Mary Portas Calls for Action to Inject Dynamism into High Street Commercial Property

Posted on 16 December, 2011 by Neil Bird

The first thing Mary Portas discovered when she was asked to conduct an independent review of the decline of the UK high street was that several had already been published. Indeed there have been a number over recent years each containing various recommendations that have never been implemented. However what persuaded her to accept the commission was that on this occasion the request came from Prime Minister David Cameron and his deputy Nick Clegg.

Portas has spent the past seven months consulting a range of concerned bodies. She has spoken to both large and small retailers, councils and representatives of associations and organizations. She has also met with commercial property landlords and received over 2000 online submissions from individuals relating their own experience and offering advice.  The result is The Portas Report which contains a raft of 28 recommendations designed to breathe life back into the high street.

One of the first things Portas stresses is that it is not her intention to point the finger of blame. We are where we are, she asks us to accept. The statistics she lays before us are familiar. The commercial property vacancy rate in our town centres has doubled over the past two years and the drift of shoppers away from the high street has risen by 50%. “How we shop as a nation has changed beyond recognition. For ever,” Portas warns. The only question she asks is, where do we go from here?

Portas believes that town centres have been slow to react to changing consumer habits. Shoppers have migrated to shopping malls and out of town commercial property developments, that offer the kind of retail experience the high street can no longer provide. But she also believes that the high street is capable of transforming itself into an exciting and dynamic place that consumers will want to return to. This, she insists, can only be achieved through urgent collaborative action.

For this reason she calls for the establishment of strategic management teams to oversee the necessary changes. Among her other recommendations, Portas calls for changes in business rates and concessions from councils to assist small and independent outlets. She wants to see free town centre parking and the introduction of a National Market Day. In addition she proposes the introduction of disincentives to prevent commercial property landlords leaving units vacant.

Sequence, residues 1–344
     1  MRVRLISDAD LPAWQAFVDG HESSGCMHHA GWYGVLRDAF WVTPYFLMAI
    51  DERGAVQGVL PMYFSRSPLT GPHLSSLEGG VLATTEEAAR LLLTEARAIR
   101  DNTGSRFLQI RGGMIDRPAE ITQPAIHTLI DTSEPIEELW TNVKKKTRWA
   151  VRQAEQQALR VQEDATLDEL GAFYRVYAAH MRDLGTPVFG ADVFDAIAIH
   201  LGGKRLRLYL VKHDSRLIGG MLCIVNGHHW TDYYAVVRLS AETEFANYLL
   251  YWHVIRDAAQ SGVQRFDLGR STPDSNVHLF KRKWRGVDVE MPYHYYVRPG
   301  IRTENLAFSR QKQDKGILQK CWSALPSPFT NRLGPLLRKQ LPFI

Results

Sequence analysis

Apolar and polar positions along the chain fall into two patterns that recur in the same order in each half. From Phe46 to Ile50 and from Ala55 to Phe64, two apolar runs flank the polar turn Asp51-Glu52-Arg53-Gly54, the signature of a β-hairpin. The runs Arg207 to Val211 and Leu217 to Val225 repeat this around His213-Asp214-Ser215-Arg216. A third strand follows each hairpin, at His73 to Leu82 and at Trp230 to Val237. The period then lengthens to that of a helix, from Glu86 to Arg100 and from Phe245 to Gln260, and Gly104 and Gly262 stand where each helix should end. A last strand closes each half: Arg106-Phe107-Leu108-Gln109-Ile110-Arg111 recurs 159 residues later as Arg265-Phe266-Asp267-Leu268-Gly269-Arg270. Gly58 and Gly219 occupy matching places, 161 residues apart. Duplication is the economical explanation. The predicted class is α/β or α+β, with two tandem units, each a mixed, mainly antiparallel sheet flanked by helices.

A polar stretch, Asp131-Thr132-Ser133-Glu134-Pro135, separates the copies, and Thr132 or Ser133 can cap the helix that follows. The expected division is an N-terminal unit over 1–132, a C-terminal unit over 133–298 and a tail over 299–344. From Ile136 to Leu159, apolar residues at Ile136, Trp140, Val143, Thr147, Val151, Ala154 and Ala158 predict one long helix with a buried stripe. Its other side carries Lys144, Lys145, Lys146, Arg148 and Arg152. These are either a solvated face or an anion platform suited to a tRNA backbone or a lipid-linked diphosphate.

The British Property Federation (BPF) has broadly welcomed the majority of recommendations contained in the Portas Report and called on the government to implement them. However Chief Executive, Liz Peace questions the recommendation concerning vacant properties, suggesting that Portas doesn’t fully understand the complexities of the problem. “No landlord would deliberately leave a property empty,” she says. “It makes no economic sense and simply sucks investment from high streets.” The Association of British Bookmakers (ABB) is also unhappy with a proposal to limit their presence in low income areas.

So will the Portas Report suffer the same fate as those before it and begin to gather dust after the initial interest has died down? Well the fact that it was commissioned by the highest levels of government may see it taken more seriously. It also comes four months after the summer riots, during which many high street commercial property bore the brunt of the unrest. Finally there is the Portas factor. As politicians have demonstrated in the past, they are not immune to the power of a celebrity and may see the benefits of being associated with such a high profile figure. The high street, which Portas believes has reached crisis point, will be hoping this is the case.




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